Jim Henman on stage with April Wine, circa 1970. Courtesy of Jim Henman.

Henman lived quietly in the Maritimes, just dabbling in music while working in his hospital job. But his friendship with Goodwyn never changed, and Henman watched as his childhood friend took the band to worldwide fame and fortune. “We always stayed friends, even when he was living in the Bahamas, we would talk every couple of months, and see each other when he was in town. Sometimes I’d go stay at his place. We didn’t do anything musically though. I knew he was going to move back here sometime, or I figured he would.”

Maritimers are funny that way. Goodwyn could afford to live wherever he wanted, and did. But when the music industry changed, and Goodwyn’s career evolved, he found a way to head back home. “I still had family and friends here, I always knew I’d come back. It was an easy decision,” he says. “I said to April Wine back around 2017 I needed to do fewer shows because I had no time for anything else. Just before I moved here (to Halifax), I wrote a memoir, and now a second book. After I came down here, I recorded a second blues album.”

And then he got another idea. He’d seen his friend Jim playing acoustic shows, mostly in house concerts, something Henman got interested in after his retirement, around the Maritimes and in the West. “About five years ago, he called me and said he was interested in moving this way, and doing an acoustic thing, and wanted to know if I was interested?” says Henman. “He had his book out, Just Between You and Me, and we called the show that, and it became a very personal experience for the audience, to have a performer share all his stories about where his songs came from.”

Soon the pair added a third voice and player, Bruce Dixon, another Maritimer. “It’s been a lot of fun with Jim, and with Bruce too, they’re great guys, and I’ve known Bruce since the ’70s when I met him in different groups,” says Goodwyn. We sing really well together, our voices match perfectly. I’m in the middle, Jim’s in the low register and Bruce sings the high parts. We’re just really good friends and our wives and partners are friends too, so off-stage and on-stage we’re three pals. We don’t do it for the money, we do it because we just enjoy it, and people enjoy the show.”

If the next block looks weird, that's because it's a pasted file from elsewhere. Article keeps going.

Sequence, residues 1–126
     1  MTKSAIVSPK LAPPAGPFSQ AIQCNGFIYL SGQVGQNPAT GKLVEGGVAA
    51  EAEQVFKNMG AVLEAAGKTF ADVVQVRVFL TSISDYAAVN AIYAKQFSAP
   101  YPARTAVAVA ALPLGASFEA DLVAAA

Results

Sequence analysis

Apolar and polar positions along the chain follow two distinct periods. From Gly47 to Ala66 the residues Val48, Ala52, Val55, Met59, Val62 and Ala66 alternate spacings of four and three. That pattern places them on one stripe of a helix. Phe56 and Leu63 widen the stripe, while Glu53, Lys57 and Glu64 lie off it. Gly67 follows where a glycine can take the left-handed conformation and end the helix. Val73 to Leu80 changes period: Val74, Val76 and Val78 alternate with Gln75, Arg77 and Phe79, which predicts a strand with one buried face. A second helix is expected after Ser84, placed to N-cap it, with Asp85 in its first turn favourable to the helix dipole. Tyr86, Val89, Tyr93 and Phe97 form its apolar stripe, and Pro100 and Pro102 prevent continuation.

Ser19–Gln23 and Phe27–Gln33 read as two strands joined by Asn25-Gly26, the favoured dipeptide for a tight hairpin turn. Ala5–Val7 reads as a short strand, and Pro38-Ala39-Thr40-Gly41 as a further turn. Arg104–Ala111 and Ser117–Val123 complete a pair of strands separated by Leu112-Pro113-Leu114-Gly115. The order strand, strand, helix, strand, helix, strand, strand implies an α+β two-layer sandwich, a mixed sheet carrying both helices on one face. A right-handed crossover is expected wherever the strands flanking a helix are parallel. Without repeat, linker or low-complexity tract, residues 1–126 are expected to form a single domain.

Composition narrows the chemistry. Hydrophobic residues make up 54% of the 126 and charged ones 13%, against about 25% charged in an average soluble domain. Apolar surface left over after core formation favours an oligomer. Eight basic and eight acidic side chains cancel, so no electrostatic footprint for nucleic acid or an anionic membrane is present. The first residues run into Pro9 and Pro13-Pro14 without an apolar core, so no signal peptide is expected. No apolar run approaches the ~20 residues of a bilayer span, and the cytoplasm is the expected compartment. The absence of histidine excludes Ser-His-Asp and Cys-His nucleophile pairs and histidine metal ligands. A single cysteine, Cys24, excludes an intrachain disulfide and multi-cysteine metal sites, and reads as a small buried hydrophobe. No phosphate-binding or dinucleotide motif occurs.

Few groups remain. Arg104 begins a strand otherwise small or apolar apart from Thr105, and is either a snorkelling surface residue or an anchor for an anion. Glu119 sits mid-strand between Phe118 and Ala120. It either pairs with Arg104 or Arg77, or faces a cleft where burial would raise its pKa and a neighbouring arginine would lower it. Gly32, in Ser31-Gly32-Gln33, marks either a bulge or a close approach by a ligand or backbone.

It’s added a whole different element to Goodwyn’s career, which still features shows with April Wine, his blues band and albums, solo releases, and that other book that’s coming out. It also has led to something Henman has always wanted to do, write songs with Goodwyn. Henman co-wrote the single Goodwyn released in September of 2021, “Some Of These Children, They Never Grew Up,” written in the aftermath of the discovery of hundreds of unmarked graves at residential schools, which has hit the playlists of dozens of Canadian radio stations. And in November came another first for both of them as they collaborated on the first Christmas song either had written, called “Ring The Bells, It’s Christmas Time.”

Moving back home seems to have spurred Goodwyn on to a new creative height. 2022 will see him release a new solo album called Long Pants, with new compositions and some old ones too, and even one that goes back 40 years to the birth of his daughter. There’s another blues album ready to go as well, and he’s been working on songs for a brand-new April Wine album, which he hopes will come out next fall. That’s three albums for the year, plus shows with all his different groups, and a new book.

“Well, we’re not getting any younger,” he says. True, but he and Henman are sure making the most of their time and nearly 60-year friendship now.